Gorman Kiln Sync  v1.0.0-2752


GKS is a command-line application to recursively sync files between two directories or drives. There is no user interface, and other than the required parameters, there is no configuration required.

The sync is unidirectional. Files and folders are copied from a source location to a destination, but not back. Any changes made to files in the source directory, or new files created in the source directory, will be immediately copied to the destination folder.

Changes made to files in the destination folder will be immediately overwritten if a file by the same name exists in the source folder.


The "gks.exe" application has 3 parameters:

  • source directory
  • destination directory
  • flag indicating whether files should be renamed



The source and destination directories should be obvious. Files are copied from the source to the destination. The source directory must exist, and the destination directory will be created if it doesn't already exist.

The 3rd parameter determines if files are renamed. When set to "true" or "TRUE", files will be renamed if they match a certain pattern. The pattern is:

  • "#_##+.ndx" (case insensitive when it comes to the extension, so it matches NDX, nDx, etc.)

Files that match this pattern will be renamed so the first digit is dropped, and all other digits are shifted one position to the left. For example:

source filename destination filename
3_4567.ndx 4_567.ndx
4_1789.ndx 1_789.ndx

When this 3rd flag is set to "false", files will still be copied but wont be renamed.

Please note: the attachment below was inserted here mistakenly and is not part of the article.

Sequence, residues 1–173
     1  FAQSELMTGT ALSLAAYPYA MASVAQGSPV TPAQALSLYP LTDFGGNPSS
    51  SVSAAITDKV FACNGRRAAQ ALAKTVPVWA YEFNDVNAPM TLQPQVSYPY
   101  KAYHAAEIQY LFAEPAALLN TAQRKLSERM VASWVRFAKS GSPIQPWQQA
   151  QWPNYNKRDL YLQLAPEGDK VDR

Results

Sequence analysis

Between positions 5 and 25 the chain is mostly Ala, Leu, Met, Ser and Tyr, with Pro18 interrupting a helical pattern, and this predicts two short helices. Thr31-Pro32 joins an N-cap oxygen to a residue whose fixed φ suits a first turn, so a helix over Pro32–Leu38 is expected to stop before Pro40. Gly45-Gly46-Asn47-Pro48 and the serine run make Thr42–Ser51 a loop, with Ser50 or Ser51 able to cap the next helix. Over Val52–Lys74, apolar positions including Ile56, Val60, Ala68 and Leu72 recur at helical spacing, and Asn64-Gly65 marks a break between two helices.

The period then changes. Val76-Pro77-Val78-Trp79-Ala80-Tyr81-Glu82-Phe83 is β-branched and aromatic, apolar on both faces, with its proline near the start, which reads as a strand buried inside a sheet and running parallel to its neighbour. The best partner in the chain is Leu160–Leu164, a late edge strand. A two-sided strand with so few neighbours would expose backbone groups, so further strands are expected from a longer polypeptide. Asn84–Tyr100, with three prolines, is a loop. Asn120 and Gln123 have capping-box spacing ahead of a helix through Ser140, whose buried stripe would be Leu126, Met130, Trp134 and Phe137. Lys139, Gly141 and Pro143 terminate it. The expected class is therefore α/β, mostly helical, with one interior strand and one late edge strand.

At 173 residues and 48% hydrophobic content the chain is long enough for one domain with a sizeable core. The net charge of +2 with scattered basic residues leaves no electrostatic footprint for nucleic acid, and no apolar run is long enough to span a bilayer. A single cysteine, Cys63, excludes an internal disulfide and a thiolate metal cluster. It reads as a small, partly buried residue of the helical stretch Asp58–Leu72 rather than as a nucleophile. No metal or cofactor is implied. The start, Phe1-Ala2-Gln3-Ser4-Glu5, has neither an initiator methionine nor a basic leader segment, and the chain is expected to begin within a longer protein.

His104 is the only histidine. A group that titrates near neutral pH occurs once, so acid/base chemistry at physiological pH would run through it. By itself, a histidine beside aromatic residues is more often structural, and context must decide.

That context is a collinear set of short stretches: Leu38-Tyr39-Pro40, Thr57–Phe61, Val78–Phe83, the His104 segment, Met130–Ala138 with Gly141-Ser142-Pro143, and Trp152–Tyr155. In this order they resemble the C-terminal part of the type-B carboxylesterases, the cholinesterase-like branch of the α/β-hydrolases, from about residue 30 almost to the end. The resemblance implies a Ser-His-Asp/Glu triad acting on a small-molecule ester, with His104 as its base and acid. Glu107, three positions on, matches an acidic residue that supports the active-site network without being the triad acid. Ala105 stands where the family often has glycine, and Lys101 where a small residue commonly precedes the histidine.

The console output is simple. A timer displays how long the application has been running, and a list of files that have been copied is displayed along with the reason why the file was copied.


There are only 3 possible reasons why a file is copied from the source to the destination:

  • a new file has been created
  • the timestamp of the source and destination files do not match
  • the size of the source and destination files do not match

Minimized windows

When minimized, the GKS application will hide the terminal window so it doesn't needlessly take up room on the task bar. This also prevents users from accidentally closing the application.

This minimize/hide behaviour can also be utilized if starting GKS from a startup script or batch file. For example, a script may contain the following:

start "GKS" /min c:\progra~1\gks\bin\gks.exe c:\22m2k\data z:\data\ true

When started this way, the minimized window will be hidden within a few seconds.

The only way to kill GKS once it has been hidden from view is to use the Windows Task Manager.